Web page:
I’m losing my gumption for writing.
Or at least for publishing.
I can’t imagine myself ever not writing. The publishing part, though, it drains my soul.
As much as I want my stories to land on the hearts that need them, I am tired of how ‘less than’ publishing makes me feel.
It’s an incredibly competitive industry and one that is skewed towards the people who
- aggressively promote themselves and their writing and have a talent for doing so
- began their publishing career decades ago when the field wasn’t so flooded and have a backlist of best sellers
- are already famous and/or have the right contacts
- or the lucky few who land a book contract with one of the big four (soon to be three unless the Department of Justice stops the sale of Penguin-Random House to Simon & Schuster) publishing houses who dictate what gets on the best seller lists
Does this sound like sour grapes?
Probably it is.
And I really hate sour grapes. I’m possibly the most hopeful person you know. So, clearly, it took a lot to get me to this point.
I jumped into the NaNoWriMo craziness this week in the hopes that it would inspire me to get going on a new novel. I’ve spent the last year stewing over a rewrite on a manuscript my agent didn’t love when I sent it to her almost a year ago, only to come up empty.
And yet, I haven’t been able to start anything new either.
I wrote the rough draft of Blind Turn (Black Rose, January 2021) during NaNoWriMo 2012. So I thought maybe I could capture that magic again and signed up this year.
At first, I was excited. I liked my new main character, Billy (short for Willamina). I was curious about her story and thought she had a message to share. I set up my NaNoWriMo page, roughed out a very vague outline, did character interviews, set a goal (35K words), and started writing this past Monday morning, figuring I’d research as I went and figure out if it was a story I wanted to pursue.
But just over three thousand words in, I was overcome by one thought, “Why?”
Writing this new book will take thousands of hours at the laptop and thousands of hours walking streets and trails thinking it through. And if it follows the path of my previous books, I won’t make more than a few thousand dollars from it. And all of those dollars will go into promoting it, so the net profit will likely be little to nothing.
I don’t write for the money.
(And I don’t know any other authors who do either.)
If I did, I would have stopped five books ago.
But money is one measure of success. A shallow one, maybe, but also a very clear one.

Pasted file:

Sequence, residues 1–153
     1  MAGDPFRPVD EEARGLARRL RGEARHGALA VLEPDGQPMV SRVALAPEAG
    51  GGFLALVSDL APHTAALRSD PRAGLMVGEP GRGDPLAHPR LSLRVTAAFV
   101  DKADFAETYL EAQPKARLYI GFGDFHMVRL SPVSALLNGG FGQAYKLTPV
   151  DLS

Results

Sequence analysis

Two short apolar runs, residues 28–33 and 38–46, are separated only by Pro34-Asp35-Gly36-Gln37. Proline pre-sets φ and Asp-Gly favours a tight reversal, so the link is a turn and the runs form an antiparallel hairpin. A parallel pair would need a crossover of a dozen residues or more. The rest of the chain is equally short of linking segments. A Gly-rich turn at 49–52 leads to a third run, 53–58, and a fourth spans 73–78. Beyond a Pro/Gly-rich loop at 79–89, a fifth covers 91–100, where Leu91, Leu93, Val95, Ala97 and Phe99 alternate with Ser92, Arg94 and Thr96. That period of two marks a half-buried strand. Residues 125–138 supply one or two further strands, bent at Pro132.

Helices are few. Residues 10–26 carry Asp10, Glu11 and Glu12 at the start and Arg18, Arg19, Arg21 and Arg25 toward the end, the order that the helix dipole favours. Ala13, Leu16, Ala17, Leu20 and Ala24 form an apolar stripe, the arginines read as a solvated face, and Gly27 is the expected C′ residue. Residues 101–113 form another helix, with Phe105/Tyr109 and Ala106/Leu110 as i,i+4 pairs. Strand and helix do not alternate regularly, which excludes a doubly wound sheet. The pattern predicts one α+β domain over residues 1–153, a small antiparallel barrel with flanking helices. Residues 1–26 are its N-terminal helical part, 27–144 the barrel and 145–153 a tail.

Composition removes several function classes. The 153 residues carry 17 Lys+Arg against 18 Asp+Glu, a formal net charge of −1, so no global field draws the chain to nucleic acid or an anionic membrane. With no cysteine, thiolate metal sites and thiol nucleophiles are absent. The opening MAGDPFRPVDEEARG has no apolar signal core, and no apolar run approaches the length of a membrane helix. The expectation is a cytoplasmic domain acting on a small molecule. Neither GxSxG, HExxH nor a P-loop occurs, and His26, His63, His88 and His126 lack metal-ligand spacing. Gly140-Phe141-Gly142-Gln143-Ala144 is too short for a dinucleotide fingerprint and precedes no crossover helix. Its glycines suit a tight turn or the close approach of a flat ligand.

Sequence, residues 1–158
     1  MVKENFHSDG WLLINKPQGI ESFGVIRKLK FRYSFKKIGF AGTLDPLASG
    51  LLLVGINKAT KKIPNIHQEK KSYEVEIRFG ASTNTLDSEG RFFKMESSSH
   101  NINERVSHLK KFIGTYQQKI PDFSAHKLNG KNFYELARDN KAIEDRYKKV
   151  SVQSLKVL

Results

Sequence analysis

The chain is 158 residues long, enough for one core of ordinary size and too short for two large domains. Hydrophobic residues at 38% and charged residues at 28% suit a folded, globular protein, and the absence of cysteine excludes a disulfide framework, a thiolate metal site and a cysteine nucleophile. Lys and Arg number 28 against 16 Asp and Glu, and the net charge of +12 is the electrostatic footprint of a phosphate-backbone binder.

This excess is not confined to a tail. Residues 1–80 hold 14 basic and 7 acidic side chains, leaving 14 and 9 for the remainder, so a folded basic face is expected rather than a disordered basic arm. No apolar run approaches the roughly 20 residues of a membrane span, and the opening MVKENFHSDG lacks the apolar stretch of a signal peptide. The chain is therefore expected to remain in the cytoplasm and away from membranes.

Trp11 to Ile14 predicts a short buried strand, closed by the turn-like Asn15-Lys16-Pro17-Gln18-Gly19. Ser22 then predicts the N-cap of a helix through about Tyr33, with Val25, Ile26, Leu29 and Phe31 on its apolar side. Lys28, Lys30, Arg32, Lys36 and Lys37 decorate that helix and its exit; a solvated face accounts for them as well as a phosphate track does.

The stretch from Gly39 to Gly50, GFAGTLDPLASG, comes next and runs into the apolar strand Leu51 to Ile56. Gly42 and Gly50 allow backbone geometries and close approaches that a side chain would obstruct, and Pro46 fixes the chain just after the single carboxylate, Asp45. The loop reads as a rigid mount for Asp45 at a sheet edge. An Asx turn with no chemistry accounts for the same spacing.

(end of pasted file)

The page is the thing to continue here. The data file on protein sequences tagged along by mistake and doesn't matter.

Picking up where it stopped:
Money aside, for me, writing fiction has been about the joy of crafting a story, of spinning an entire world out of the raw material of my heart and my head and my imagination. And then connecting with readers who enjoyed my story. Nothing made me happier than meeting with a book club or getting an email from a reader or signing a book for someone who loved my characters almost as much as I did.
But after the pandemic took away all the book tours, book clubs, and signings I had planned with my last two books, I tried my best at the online promoting. I toiled on Facebook lives and Zoom calls; I watched countless ‘online marketing’ webinars and then added an Instagram account, got busy on Goodreads, and scheduled posts on all my Facebook pages.
And slowly but surely over the last eighteen months, it ground down my soul.
I watched as other writers and ‘influencers’ thrived in this new world and felt that same familiar feeling I had in high school—not good enough, not popular enough, not smart enough, not talented enough, not beautiful enough. Just not enough.
And before you start with your kind reassurances, I will tell you that I do know that I AM enough. It’s taken decades to figure that out, and it was a hard-won belief.
I have a feeling that I’m not unique in this. Social media makes all of us feel less-than, even as we collect likes and friends and followers. Enough is never enough and the addicting pull of the scroll is hard to resist. Maybe this next post, this next picture, this next video will be the one that takes me viral.
I’m working on my plan, knowing I’ll have to wean myself away slowly. There are valuable connections I’ve made online, people who are more than just the label friend. This year, I’ve had the opportunity to meet several of them in person and that was a joyful experience. So, there’s good and bad.
The trick is finding the balance. My balance is way off. When I feel worse, not better each time I log on, then clearly there is a problem.
Thank God for my dogs, my husband, and the mountains. They heal me.
So, I’m rethinking things. Maybe I’ll find a platform where I can put out my stories quietly, maybe give them away free to people who want them. Or maybe I’ll stop writing stories and stick with saving dogs. I know I can’t step away completely because animal rescue runs on social media, for better or worse.
I’m going to get back to just doing me and stop trying to be more. I’m enough. You’re enough too. Oddly, it takes most of us all our lives to come to peace with that.
Have you found a way to balance what you do online with how you feel inside? If you’ve got any tips, I’d love to hear them.
Hey, thanks for reading. I know you’ve got lots of options, so thanks for sharing a few of your minutes with me.
If you’re curious about what else I’m up to, check out my website, CaraWrites.com.
If you’d like to subscribe to my (sometimes) monthly e-newsletter, click here.
My book, 100 Dogs & Counting: One Woman, Ten Thousand Miles, and a Journey Into the Heart of Shelters and Rescues was released July 2020 from Pegasus books and is available anywhere books are sold, but if you’d like some help finding it (or want to read some lovely reviews), click here.